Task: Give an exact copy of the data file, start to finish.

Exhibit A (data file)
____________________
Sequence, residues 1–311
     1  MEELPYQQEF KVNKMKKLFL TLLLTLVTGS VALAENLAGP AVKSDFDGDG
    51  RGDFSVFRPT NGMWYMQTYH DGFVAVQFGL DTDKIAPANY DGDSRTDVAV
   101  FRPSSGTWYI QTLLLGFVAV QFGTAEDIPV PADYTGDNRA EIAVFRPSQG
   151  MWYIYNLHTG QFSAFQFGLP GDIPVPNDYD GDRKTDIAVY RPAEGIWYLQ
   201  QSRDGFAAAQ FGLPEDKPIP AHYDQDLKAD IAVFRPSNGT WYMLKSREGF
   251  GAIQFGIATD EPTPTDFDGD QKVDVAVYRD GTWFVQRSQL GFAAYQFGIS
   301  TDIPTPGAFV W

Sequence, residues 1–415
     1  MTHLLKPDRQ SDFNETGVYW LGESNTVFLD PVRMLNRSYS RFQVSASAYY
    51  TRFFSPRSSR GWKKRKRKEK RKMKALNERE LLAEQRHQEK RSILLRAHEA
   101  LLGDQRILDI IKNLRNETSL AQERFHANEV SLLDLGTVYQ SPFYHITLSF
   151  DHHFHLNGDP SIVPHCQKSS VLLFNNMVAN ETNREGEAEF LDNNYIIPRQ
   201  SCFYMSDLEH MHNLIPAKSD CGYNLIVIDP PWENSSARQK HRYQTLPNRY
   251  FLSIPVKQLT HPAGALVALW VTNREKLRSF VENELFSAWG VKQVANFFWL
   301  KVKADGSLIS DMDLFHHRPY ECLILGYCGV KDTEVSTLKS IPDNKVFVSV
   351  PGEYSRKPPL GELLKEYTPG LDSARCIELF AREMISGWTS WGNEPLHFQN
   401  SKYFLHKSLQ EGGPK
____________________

Sequence, residues 1–311
     1  MEELPYQQEF KVNKMKKLFL TLLLTLVTGS VALAENLAGP AVKSDFDGDG
    51  RGDFSVFRPT NGMWYMQTYH DGFVAVQFGL DTDKIAPANY DGDSRTDVAV
   101  FRPSSGTWYI QTLLLGFVAV QFGTAEDIPV PADYTGDNRA EIAVFRPSQG
   151  MWYIYNLHTG QFSAFQFGLP GDIPVPNDYD GDRKTDIAVY RPAEGIWYLQ
   201  QSRDGFAAAQ FGLPEDKPIP AHYDQDLKAD IAVFRPSNGT WYMLKSREGF
   251  GAIQFGIATD EPTPTDFDGD QKVDVAVYRD GTWFVQRSQL GFAAYQFGIS
   301  TDIPTPGAFV W

Sequence, residues 1–415
     1  MTHLLKPDRQ SDFNETGVYW LGESNTVFLD PVRMLNRSYS RFQVSASAYY
    51  TRFFSPRSSR GWKKRKRKEK RKMKALNERE LLAEQRHQEK RSILLRAHEA
   101  LLGDQRILDI IKNLRNETSL AQERFHANEV SLLDLGTVYQ SPFYHITLSF
   151  DHHFHLNGDP SIVPHCQKSS VLLFNNMVAN ETNREGEAEF LDNNYIIPRQ
   201  SCFYMSDLEH MHNLIPAKSD CGYNLIVIDP PWENSSARQK HRYQTLPNRY
   251  FLSIPVKQLT HPAGALVALW VTNREKLRSF VENELFSAWG VKQVANFFWL
   301  KVKADGSLIS DMDLFHHRPY ECLILGYCGV KDTEVSTLKS IPDNKVFVSV
   351  PGEYSRKPPL GELLKEYTPG LDSARCIELF AREMISGWTS WGNEPLHFQN
   401  SKYFLHKSLQ EGGPK